This was an issue that was very much alive in Jesus’ day, and interest in it has not lessened even to our day as evidenced by several cases in our own community where people have chosen to not pay taxes for various reasons.
And because of their choices they are now feeling the power of the government.
But it is ironic that in asking this question of the Lord they pretended to despise Roman rule, but it was to Roman rule that they turned in order to put Jesus Christ to death.
The question about taxes was meant to reveal rebellion in the heart of Jesus Christ against Roman rule but they fully looked to Roman rule to carry out their evil desires.
They reasoned, they could get this “self-acclaimed Messiah” to make statements against the power of Caesar, and therefore they would be able to press charges of treason against Him.
Now their question is not whether or not a person should pay taxes at all, but whether or not a Jew should pay taxes to a heathen, Gentile government.
The issue is posed as a problem of keeping the law while at the same time paying taxes to Rome.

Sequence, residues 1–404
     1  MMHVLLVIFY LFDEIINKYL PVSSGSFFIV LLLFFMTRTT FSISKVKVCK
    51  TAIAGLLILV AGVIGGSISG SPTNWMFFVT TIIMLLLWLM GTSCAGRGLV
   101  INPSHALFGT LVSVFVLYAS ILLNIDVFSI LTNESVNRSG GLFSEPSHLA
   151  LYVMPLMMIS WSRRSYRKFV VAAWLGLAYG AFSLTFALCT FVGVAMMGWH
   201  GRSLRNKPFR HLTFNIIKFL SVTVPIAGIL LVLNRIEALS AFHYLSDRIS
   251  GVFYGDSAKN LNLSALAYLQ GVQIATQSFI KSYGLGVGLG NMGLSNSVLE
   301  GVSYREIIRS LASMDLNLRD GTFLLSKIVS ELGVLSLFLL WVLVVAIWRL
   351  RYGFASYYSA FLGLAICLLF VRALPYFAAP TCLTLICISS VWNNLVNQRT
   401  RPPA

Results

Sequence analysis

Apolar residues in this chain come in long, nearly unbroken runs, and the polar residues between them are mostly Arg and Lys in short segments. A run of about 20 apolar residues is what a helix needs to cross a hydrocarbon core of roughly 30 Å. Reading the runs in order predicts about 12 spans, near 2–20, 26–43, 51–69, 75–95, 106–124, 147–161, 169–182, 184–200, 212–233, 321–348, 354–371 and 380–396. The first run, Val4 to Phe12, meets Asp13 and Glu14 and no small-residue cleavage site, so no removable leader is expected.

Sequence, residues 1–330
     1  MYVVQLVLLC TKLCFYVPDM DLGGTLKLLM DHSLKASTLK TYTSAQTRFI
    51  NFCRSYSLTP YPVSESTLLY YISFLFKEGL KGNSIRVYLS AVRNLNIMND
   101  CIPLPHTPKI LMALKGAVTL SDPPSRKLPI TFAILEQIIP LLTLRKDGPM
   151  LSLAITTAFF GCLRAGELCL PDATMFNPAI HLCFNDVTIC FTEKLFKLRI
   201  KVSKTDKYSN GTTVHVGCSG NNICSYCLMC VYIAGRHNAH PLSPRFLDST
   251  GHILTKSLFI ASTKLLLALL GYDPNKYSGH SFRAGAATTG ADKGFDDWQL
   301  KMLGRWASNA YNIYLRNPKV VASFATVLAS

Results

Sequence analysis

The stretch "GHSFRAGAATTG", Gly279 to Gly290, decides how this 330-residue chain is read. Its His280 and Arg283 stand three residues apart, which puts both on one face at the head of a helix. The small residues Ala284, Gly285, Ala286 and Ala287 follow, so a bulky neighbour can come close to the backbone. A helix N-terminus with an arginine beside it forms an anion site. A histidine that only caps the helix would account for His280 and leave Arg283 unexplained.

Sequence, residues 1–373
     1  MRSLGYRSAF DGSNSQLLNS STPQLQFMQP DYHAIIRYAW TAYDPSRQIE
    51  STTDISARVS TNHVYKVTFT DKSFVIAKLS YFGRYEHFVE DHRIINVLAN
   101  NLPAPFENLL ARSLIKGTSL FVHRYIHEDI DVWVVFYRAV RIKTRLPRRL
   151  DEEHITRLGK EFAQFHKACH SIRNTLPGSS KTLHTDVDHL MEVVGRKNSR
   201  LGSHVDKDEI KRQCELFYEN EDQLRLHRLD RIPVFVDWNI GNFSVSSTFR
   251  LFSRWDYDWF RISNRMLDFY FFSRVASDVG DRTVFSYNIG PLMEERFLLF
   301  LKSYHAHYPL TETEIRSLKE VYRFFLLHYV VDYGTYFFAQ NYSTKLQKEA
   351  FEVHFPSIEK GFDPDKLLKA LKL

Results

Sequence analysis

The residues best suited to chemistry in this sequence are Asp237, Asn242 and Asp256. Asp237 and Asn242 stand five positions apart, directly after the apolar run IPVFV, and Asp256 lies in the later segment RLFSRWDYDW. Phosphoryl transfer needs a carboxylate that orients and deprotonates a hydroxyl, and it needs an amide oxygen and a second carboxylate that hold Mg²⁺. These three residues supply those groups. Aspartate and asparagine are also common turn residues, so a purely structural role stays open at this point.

The question is, “Is it permissible?,” and the standard on which the answer is based is the Law of Moses.
So here was the question: “Shall we pay taxes to Caesar or not?”
The spies challenged him to speak to this issue and when he did, the Roman rulers would be called upon to crucify Jesus as a traitor guilty of treason against Rome.
23But he perceived their craftiness, and said unto them, Why tempt ye me? 24Show me a penny. Whose image and superscription hath it? They answered and said, Caesar’s.
First of all we should notice that Jesus’ crafted his answer in accordance with the deceitful motives and intentions of the questioners.
Had this question been asked by a sincere person wishing to know truth his answer would no doubt have be more fully developed.